·
aint afraid of no ghost
Joined
·
2,388 Posts
Just to throw a slightly different perspective out there I actually use a .410 for home defense and well as take a JUDGE with me when i travel. My biggest concern is always wall penetration I would hate to shoot threw a wall and hurt or kill someone on the other side. The new defense loads from winchester are also great disks and shot in one package makes for a nice way to tell some one they are not welcome in my house
 

·
Registered
Joined
·
91 Posts
Discussion Starter #11
Thanks; just learned what a Judge is. Good point about wall penetration especially here in Cali where houses are made of tortillas -or is that really stucco - and chicken wire.

Read somewhere about buckshot that's lightly coated with rubber to kill zombies but with less fear of wall penetration.
 

·
Registered
Joined
·
6,427 Posts
Don't get rubber-coated shot, or anything else weird. Some people load a round or two of birdshot, followed by buckshot. The idea is that maybe the birdshot will be effective or scare the bad guy away, and if not, you have the buckshot coming up next. Other people go straight to the buckshot.

My favorite buckshot is #1. A typical load of #1 is 16 pellets. Each pellet is .30 caliber and weighs 40 grains. That means each of the 16 pellets is roughly comparable to a .22LR round; a direct center mass hit is similar to 16 simultaneous hits with a .22LR. A lot of people like bigger buckshot rounds. They are also very effective, but have higher risk of overpenetration.

I weigh more than 145 pounds and can't predict how the recoil will feel to you. With a proper hold tight against the shoulder, the recoil is no problem for me at all.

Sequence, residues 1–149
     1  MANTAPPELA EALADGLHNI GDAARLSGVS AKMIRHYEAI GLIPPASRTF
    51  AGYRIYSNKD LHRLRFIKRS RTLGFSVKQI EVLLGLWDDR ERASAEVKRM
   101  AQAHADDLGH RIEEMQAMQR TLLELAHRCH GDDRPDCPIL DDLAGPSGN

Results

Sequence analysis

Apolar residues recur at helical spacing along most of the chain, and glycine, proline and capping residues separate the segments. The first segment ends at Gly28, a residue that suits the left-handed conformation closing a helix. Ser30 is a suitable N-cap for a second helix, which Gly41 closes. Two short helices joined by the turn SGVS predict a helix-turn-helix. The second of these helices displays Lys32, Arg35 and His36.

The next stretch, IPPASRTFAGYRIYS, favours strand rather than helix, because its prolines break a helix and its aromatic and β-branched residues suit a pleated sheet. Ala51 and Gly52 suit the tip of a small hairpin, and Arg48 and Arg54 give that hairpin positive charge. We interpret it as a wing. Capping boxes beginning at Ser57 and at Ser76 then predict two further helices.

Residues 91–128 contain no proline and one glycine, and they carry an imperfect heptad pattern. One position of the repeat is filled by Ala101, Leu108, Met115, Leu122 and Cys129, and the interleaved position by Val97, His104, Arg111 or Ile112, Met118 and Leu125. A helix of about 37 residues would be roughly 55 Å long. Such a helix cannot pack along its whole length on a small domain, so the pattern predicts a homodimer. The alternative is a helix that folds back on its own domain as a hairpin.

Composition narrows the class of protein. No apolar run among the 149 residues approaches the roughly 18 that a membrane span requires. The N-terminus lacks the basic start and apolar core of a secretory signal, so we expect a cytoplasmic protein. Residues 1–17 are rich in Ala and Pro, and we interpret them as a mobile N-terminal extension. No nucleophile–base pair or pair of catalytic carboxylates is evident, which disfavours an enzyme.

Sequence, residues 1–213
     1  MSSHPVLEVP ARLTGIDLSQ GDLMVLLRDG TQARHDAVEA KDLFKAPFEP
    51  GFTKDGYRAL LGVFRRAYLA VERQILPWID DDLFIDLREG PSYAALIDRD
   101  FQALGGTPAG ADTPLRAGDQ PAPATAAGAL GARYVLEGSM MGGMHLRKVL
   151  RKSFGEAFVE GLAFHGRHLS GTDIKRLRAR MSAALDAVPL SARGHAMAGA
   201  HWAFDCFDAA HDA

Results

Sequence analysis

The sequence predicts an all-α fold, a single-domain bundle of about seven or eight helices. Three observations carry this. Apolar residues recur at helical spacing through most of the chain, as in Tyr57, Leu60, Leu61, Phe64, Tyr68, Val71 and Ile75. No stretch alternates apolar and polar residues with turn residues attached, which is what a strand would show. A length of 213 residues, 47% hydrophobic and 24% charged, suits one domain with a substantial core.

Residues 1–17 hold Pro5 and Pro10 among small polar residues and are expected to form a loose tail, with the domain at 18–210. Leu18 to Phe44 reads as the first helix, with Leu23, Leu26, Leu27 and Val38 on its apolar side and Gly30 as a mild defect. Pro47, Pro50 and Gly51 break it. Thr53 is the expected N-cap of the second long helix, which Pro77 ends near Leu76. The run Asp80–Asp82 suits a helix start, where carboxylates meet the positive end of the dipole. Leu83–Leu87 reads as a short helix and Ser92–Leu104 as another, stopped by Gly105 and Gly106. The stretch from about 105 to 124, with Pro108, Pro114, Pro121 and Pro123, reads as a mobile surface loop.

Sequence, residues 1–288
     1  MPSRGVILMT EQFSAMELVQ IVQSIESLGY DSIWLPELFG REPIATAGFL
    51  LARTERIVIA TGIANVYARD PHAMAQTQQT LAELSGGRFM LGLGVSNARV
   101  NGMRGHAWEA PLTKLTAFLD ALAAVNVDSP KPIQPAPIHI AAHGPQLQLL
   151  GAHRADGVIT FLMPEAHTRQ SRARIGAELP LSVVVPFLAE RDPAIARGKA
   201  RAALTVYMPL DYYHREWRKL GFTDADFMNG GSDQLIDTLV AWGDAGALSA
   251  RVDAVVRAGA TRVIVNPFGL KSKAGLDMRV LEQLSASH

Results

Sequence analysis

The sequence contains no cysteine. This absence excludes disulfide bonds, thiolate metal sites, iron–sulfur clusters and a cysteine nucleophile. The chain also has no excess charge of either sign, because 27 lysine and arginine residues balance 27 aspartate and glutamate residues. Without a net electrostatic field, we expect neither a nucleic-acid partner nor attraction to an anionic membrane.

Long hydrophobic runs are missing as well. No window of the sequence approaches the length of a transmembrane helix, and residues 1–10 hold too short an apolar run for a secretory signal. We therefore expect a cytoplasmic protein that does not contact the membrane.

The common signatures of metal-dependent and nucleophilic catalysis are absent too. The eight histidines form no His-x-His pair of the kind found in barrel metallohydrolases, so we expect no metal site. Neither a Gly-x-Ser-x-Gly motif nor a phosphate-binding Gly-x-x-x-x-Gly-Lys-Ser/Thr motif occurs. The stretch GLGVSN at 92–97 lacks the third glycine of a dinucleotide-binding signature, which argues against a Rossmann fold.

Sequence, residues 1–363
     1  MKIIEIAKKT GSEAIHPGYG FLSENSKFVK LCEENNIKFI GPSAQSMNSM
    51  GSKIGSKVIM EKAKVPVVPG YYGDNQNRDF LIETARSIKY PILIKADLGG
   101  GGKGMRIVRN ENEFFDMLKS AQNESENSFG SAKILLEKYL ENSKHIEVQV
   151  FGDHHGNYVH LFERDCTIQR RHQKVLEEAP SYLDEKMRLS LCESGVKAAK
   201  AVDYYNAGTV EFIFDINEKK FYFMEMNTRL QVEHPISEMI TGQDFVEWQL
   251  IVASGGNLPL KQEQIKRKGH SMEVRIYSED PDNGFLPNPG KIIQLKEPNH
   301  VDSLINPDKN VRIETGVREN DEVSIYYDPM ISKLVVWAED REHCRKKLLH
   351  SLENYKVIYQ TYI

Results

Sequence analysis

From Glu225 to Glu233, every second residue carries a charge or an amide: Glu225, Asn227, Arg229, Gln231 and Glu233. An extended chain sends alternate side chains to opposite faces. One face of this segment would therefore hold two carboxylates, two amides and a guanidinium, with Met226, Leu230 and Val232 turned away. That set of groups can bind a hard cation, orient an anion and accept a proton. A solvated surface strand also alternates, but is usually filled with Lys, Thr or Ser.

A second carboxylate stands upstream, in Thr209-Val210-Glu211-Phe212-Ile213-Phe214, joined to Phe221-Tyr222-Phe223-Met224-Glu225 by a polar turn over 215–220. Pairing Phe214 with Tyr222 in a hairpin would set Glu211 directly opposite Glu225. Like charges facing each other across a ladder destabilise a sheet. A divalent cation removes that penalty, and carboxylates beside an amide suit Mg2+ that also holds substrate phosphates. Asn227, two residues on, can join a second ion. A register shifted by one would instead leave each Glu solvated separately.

20 gauge is a very effective HD round, and would be a very reasonable choice if you are concerned about recoil. The downside is that it's a little more expensive and harder to find than 12ga, but neither type of ammunition is really all that expensive or hard to find.

Both makes and models you named are good choices.
 

·
Registered
Joined
·
486 Posts
Just to throw a slightly different perspective out there I actually use a .410 for home defense and well as take a JUDGE with me when i travel. My biggest concern is always wall penetration I would hate to shoot threw a wall and hurt or kill someone on the other side. The new defense loads from winchester are also great disks and shot in one package makes for a nice way to tell some one they are not welcome in my house
Thanks; just learned what a Judge is. Good point about wall penetration especially here in Cali where houses are made of tortillas -or is that really stucco - and chicken wire.

Read somewhere about buckshot that's lightly coated with rubber to kill zombies but with less fear of wall penetration.
Pardon me but the penetration issue is a pet peeve of mine...ammo manufacturers and talking heads have convinced people there's such a thing as a magic bullet when there really is not.

If you're worried about killing someone on the other side of a wall you shouldn't be shooting in that direction, period. Most homes and apartments have sheetrock walls which you should consider as nothing more than a few sheets of paper for all the stopping effect they have against bullets or shot. Cheapie southwest art deco stucco is no better.

Let's be very clear on this... any round that is physically capable of stopping a bad guy will punch right through a sheetrock wall if that's what it hits first. Combine this reality with the knowledge that statistically more rounds fired at bad guys are misses than hits, and it quickly becomes obvious that if you shoot at a bad guy in front of a sheetrock wall you will likely have a couple of misses that hit the wall directly, and go through it, without first going through the bad guy and slowing down. Rounds that can penetrate a human deep enough to reach the critical CNS to stop someone will typically go through 4 or more layers of sheetrock if that's what they hit first. Thus, any round fired that could stop the bad guy, if (when) he's missed, can punch through a wall and injure or kill on the other side.